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The pointy end of McLaren Vale: a visit & vertical with Bekkers Fine Wine

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My first pit stop on last month’s visit to South Australia was to Bekkers Fine Wine in McLaren Vale.  A great place to start because, as I knew from consulting on The World Atlas of Wine, McLaren Vale born and bred viticulturist Toby Bekkers is a font of knowledge about the region. The former Senior Viticulturist at Paxton Wines was responsible for managing several hundred acres of prime McLaren Vale dirt and helping to introduce and implement organic and biodynamic viticulture across Paxton’s sizeable vineyard portfolio.

Bekkers had intended to give me the (literal) overview of the region before we visited his new cellar door but, by the time we got from the airport to our vantage point over “the Vale,” a veil of mist lay between us and the Gulf of St Vincent!  Best laid plans and all that….Still, Bekkers was at least able to point out changes in topography as we wound up, along, then down the ridge, at one point with Adelaide Hills on one side of the road, McLaren Vale on the other.  Changes in soil type too – exposed, he said, both by the type of trees the soil supports and the soil profile of the banks to the side of the road.

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Since establishing Bekkers Fine Wines with his wife, French winemaker Emmanuelle (Emma) in 2010, Bekkers’ challenge has been “to take all that experience from walking around McLaren Vale to go to the spice rack and up hill, down vale, stitching together something in the glass.” Not content with his own vineyards around Seaview (the latest one pictured), he looks to Blewitt Springs for “very spicy” Grenache and Clarendon for Syrah with “aromatic punch and spice.” Bekkers is “most interested in the ridge territory behind McLaren Vale town [where we drove].”  Why?  He cites two reasons – “it has a bit of elevation and interaction between the soil and geology because, where McLaren Vale is on a tilt, the old geology is nearer the surface here.”  As research into McLaren Vale’s geology has shown, the region is a veritable mosaic of soils.  Here’s a summary of the different terroir/sub-regions which feature in Bekkers Fine Wines:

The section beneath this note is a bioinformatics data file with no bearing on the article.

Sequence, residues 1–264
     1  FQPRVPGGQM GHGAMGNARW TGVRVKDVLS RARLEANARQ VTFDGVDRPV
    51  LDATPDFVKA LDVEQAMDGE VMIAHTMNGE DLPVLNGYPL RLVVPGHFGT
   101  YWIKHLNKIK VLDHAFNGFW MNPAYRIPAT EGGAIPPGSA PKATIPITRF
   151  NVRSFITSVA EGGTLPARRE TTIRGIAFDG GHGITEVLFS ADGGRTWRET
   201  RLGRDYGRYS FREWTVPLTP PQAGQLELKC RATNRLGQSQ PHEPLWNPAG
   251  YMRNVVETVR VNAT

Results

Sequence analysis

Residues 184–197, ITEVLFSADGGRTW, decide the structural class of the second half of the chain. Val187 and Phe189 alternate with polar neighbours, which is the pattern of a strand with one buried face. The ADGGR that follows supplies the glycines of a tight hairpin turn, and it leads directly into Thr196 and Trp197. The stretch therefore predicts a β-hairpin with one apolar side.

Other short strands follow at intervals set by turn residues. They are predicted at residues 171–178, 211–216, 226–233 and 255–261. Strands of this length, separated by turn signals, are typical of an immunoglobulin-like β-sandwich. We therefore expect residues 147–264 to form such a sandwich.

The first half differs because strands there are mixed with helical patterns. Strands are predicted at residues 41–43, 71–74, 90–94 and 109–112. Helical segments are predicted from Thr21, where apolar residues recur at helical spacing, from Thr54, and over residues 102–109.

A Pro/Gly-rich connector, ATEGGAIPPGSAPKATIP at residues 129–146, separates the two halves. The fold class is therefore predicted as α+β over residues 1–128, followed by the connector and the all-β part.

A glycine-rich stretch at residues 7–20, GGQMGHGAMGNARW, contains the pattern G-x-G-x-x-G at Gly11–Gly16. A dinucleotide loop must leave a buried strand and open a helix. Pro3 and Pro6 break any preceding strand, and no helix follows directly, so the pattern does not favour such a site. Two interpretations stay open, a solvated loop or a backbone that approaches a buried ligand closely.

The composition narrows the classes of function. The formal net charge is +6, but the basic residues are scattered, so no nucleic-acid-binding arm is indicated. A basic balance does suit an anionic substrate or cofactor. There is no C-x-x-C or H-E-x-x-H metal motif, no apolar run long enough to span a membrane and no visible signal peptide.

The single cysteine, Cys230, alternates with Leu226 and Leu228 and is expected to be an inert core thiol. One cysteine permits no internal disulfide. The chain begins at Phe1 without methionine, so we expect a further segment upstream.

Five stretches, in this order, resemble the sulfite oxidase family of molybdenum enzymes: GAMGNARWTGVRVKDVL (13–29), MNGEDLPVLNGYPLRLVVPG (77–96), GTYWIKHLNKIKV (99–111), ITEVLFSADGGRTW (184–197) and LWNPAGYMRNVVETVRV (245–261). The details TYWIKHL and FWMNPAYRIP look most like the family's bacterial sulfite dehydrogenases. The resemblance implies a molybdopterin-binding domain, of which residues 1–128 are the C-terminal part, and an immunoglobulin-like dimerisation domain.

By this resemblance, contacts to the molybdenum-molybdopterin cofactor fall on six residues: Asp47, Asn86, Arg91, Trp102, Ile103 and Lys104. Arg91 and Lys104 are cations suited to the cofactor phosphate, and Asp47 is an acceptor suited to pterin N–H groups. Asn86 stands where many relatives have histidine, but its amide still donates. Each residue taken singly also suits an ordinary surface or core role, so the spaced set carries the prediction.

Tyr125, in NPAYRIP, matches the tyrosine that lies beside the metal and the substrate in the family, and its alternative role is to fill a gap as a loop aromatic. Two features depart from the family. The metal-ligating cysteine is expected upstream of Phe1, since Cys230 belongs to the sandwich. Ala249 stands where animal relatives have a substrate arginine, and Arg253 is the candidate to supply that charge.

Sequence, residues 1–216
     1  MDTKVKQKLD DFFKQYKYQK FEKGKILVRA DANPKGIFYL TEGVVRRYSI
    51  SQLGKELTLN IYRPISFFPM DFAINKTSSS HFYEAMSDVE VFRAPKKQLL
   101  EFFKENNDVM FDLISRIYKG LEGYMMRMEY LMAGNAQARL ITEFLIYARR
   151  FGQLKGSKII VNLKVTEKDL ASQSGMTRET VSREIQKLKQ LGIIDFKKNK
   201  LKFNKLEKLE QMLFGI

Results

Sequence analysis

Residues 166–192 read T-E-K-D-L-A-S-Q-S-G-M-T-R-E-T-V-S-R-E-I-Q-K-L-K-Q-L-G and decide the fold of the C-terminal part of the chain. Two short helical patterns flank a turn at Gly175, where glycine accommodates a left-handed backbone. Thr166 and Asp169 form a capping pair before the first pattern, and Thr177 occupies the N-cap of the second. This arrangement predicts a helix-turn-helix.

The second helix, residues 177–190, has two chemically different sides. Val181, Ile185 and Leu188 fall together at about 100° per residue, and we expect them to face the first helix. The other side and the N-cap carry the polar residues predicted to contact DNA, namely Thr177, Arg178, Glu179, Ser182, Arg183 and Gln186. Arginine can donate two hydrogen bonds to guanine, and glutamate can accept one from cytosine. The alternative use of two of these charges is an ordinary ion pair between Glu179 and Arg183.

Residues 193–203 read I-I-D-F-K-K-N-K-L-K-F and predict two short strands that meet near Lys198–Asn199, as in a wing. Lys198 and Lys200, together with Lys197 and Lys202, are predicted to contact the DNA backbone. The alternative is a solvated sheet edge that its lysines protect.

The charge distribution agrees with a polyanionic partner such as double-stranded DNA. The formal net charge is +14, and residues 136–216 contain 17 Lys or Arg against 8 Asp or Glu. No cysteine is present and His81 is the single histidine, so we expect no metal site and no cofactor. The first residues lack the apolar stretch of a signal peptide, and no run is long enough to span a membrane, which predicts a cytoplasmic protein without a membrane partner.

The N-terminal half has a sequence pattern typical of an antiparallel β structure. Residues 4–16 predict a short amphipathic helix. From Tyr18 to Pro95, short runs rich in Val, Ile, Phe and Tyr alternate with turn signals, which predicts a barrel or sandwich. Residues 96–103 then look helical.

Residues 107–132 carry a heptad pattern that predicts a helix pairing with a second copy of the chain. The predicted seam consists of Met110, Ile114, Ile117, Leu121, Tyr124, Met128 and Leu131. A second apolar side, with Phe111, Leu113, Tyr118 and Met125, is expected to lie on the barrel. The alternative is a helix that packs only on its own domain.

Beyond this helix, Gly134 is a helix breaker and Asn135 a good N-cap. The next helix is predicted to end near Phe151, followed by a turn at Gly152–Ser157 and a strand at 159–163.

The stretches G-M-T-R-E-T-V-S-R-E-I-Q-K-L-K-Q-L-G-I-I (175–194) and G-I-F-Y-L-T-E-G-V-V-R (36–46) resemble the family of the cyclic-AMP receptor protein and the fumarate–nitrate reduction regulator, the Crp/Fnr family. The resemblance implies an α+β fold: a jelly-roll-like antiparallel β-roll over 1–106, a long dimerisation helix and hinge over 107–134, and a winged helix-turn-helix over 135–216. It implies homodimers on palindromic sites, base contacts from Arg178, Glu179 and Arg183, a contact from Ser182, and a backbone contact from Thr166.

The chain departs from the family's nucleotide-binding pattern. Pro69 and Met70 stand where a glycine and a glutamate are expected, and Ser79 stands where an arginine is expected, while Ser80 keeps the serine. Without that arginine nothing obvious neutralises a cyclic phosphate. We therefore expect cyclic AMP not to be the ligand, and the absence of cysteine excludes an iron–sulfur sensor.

McLaren Vale (Grenache): c. 80 year old vines are located on shallow grey silty loam over clay and gravel. The Strout Road/ Abri vineyard is located 9.1km from the coast east south east of the township at 88-94m.  In 2013 & 2014, Grenache has also been sourced from Blewitt Hills which, on the basis of a 2015 barrel sample, brings more spice and fruit weight.

Seaview (Syrah):  Bekkers co-owns the biodynamically cultivated Gateway vineyard.  Eleven year old vines are planted on shallow grey/brown sandy loam over calcrete and base rock.  It is located just 4km from the coast at 102-106m.

Tatachilla (Syrah): Sixteen year old vines are planted on shallow grey-brown sandy loam over calcrete.  It is located 3.3km from the coast at 65-78m. It was a source for the 2012 Syrah because the Seaview was hit by hail.

Clarendon (Syrah): Sixteen year old vines are planted on orange clay/ Red clay loam over siltstone, clay and gravel. Located 14.6km from the coast at 194-242m.

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When it comes to “stitching together” the perfect blend, Bekkers’ approach revolves around “taking some of the density out and putting fragrance and spice and texture in.” But he’s also quick to point out that he and Emma are not afraid of McLaren Vale’s generosity of mid-palate and flavour.  Rather, it’s about “being really conscious of turning the dial back and getting a silky texture.” 

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Having seen things from the other side of the fence (and Emma still makes wine in France, pictured), the winemaker points out that what’s best about McLaren Vale is the weather.  It delivers a generosity which lots of other regions in the world cannot attain – “they have to play with techniques to get that richness.”  Her focus in the winery is to take what’s been naturally given, but produce a wine which “should still be on a rail, so it has structure and line.” 

“Structure and line” techniques which also capture “much more vibrancy and fragrance” in the wines include fierce selection in the sorting shed to get rid of anything raisined (including sneakily shrivelled grapes in the middle of good looking bunches).  Admitting she “throws lots away,” she warns “you only need 5% of overripe fruit for jammy confiture characters which carry the thick syrupy character I’m so desperate to avoid.” 

Emma uses an element of whole bunch for both Syrah and Grenache for complexity and stalk tannins.  It’s also useful for the “architecture” of the ferment where the stalks create more space between the marc and help to “percolate” flavours better. “But only if the fruit is perfect and the stalks ripe,” she emphasises – typically, she uses around 25% and, she adds, “I wouldn’t do 100% because it would be too carbonic/bubblegum, which is not the style I’m looking for.”